Israel: not enough evidence to try killers of Palestinian family

Israel’s defence minister said there was still not enough evidence to try the Jewish extremists who firebombed a Palestinian home in July

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Israel’s defence minister said Tuesday there was still not enough evidence to try the Jewish extremists who firebombed a Palestinian home in July, killing a toddler and both his parents.

Israel has come under heavy pressure to try those responsible for the deadly arson, with rights groups questioning the delay in the case and contrasting it to the swift reaction often following Palestinian attacks.

Defence Minister Moshe Yaalon told army radio that Israel was determined to bring those responsible to trial, adding that he considered the arson “a Jewish terrorist act.”

But he also said evidence was still lacking nearly five months after the July 31 firebombing in the village of Duma in the occupied West Bank despite the recent arrests of suspects in the case.

“We know who is responsible for this terrorist act, but do not have enough proof yet to try them,” he said.

On Dec. 3, Israeli authorities said they had arrested a number of alleged Jewish extremists over the firebombing.

They have not been publicly identified and there has been no indication they have been charged.

Israel’s high court on Sunday continued to deny lawyers’ access to three suspects, local media reported.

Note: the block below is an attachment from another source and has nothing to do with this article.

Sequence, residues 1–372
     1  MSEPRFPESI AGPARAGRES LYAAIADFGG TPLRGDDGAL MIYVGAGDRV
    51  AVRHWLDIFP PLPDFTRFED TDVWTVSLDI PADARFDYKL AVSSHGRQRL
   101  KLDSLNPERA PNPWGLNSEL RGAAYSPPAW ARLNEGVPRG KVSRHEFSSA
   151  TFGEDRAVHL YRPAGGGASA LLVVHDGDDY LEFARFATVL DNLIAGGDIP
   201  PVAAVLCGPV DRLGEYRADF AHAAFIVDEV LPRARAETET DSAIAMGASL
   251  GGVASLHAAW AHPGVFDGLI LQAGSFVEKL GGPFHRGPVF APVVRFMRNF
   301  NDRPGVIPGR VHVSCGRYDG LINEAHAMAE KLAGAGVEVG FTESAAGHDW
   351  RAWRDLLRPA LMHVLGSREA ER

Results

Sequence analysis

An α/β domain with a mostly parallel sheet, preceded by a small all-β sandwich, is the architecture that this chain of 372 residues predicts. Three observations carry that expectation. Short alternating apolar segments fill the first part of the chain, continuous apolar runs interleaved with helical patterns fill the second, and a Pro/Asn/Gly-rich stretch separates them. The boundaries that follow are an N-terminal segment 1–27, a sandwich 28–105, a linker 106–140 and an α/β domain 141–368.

The Shin Bet domestic security agency can request a denial of access by lawyers for up to 21 days.

Eighteen-month-old Ali Saad Dawabsha and his parents were killed in the firebombing. The couple’s four-year-old son was the sole survivor from the immediate family.

A Star of David and the words “revenge” and “long live the Messiah” were spray-painted on a wall near the family’s small house.

The attack drew renewed attention to Jewish extremism and accusations Israel had not done enough to prevent such violence.
Young Jewish men from wildcat settlement outposts in the West Bank and known as the “hilltop youth” have been blamed for violence and vandalism targeting Palestinians, Christian holy sites and even Israeli military property.

Palestinians have often highlighted the lack of progress in the case as among the causes of a wave of knife, gun and car-ramming attacks targeting Israelis that began on Oct. 1.

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